Discussion:
Any interest in making Emacs available on Flathub?
(too old to reply)
Joonas Sarajärvi
2018-04-18 17:55:17 UTC
Permalink
Hi,

TLDR: I would like to assist with making Emacs available at Flathub.
Some packagings in this format exist already.

Now the rest of this is a bit wordy because I suspect that this format
is a bit unfamiliar to many of the subscribers. So here it goes...


I would like to have GNU Emacs available in the Flatpak [1] format. I
will not be surprised if someone prefers to receive their prebuilt copy
of GNU Emacs in some other format, but for me it would be convenient to
be able to have the exact same Emacs build on various computers I use.
Flatpak is one way of achieving this without having to install the exact
same GNU/Linux distribution on all the computers.

To get going with this, I have written a simple flatpak packaging [2] of
Emacs, and based on a few days of testing it seems to be working pretty
nicely for my needs. I do not think I have all the possible features
enabled, though, because at this point I did not want to bundle extra
libraries beyond those provided by the org.freedesktop.Sdk runtime that
is used both for building emacs and running it.

Then in addition to the flatpak build that I wrote, I found at least one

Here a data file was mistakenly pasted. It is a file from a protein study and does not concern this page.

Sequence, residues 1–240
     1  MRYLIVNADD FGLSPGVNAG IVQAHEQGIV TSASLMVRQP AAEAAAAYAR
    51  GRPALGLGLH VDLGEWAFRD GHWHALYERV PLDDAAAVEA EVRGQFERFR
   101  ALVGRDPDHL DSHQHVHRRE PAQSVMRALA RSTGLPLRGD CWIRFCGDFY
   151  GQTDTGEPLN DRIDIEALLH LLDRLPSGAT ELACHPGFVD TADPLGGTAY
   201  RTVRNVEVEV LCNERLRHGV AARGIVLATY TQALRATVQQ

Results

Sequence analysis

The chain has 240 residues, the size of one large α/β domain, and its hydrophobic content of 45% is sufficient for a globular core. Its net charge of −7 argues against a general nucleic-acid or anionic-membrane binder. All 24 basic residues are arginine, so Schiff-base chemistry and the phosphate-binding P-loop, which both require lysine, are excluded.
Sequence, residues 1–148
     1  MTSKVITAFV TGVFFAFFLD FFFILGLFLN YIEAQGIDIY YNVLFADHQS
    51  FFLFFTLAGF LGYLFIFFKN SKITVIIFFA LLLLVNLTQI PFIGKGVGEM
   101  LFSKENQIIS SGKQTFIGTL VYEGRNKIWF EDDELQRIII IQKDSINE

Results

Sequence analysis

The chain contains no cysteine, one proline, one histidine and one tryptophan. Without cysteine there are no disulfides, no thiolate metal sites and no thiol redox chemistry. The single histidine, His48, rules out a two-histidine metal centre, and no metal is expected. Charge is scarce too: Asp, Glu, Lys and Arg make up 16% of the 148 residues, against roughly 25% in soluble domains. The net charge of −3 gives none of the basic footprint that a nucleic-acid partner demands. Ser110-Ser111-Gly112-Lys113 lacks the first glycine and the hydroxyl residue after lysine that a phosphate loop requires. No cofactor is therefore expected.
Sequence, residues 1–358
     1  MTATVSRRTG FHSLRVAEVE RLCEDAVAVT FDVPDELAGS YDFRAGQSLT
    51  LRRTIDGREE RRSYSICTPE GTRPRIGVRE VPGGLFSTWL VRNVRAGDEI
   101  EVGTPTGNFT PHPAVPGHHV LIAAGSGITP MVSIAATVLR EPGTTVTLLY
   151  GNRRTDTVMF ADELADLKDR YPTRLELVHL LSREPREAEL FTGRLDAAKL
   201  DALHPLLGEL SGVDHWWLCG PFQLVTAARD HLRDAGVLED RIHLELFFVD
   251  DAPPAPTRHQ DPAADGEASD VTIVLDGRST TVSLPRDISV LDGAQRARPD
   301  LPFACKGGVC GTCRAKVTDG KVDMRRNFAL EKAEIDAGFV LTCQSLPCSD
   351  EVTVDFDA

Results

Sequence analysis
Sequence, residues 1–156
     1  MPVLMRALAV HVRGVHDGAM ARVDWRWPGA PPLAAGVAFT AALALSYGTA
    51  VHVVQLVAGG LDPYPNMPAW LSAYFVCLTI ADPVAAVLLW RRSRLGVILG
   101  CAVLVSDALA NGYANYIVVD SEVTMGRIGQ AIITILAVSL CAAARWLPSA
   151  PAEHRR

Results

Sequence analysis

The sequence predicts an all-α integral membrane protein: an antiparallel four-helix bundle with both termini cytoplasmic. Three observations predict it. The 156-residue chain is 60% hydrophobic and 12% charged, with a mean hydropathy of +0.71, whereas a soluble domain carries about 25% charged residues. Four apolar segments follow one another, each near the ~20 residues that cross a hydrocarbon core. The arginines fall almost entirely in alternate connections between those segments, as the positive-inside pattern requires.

other at [3][4]. This packaging somewhat differs in some details,
especially in how it uses different runtime and how it adds some bundled
code to expand the functionality.

Anyway, I think it would make it easier to find Emacs in flatpak format
if it was available on a publicly available repository. Similarly to how
anyone can set up e.g. their own deb package repository, it is pretty
easy to host flatpak repositories as well. There is however one
particularly popular repository called Flathub [5] which hosts many
fairly well known programs. Flathub is intended to be run so that
ideally upstream projects provide the packagings, choosing e.g. a build
configuration that best suits their particular program. They seem also
open [6] to having "outsiders" provide such packagings in case upstream
prefers to not interact with flatpak based software distribution.

Now I think I can basically submit GNU Emacs to Flathub myself, but I
will not if someone with longer involvement with Emacs maintenance is
interested in working on this instead of me. I would not expect it to be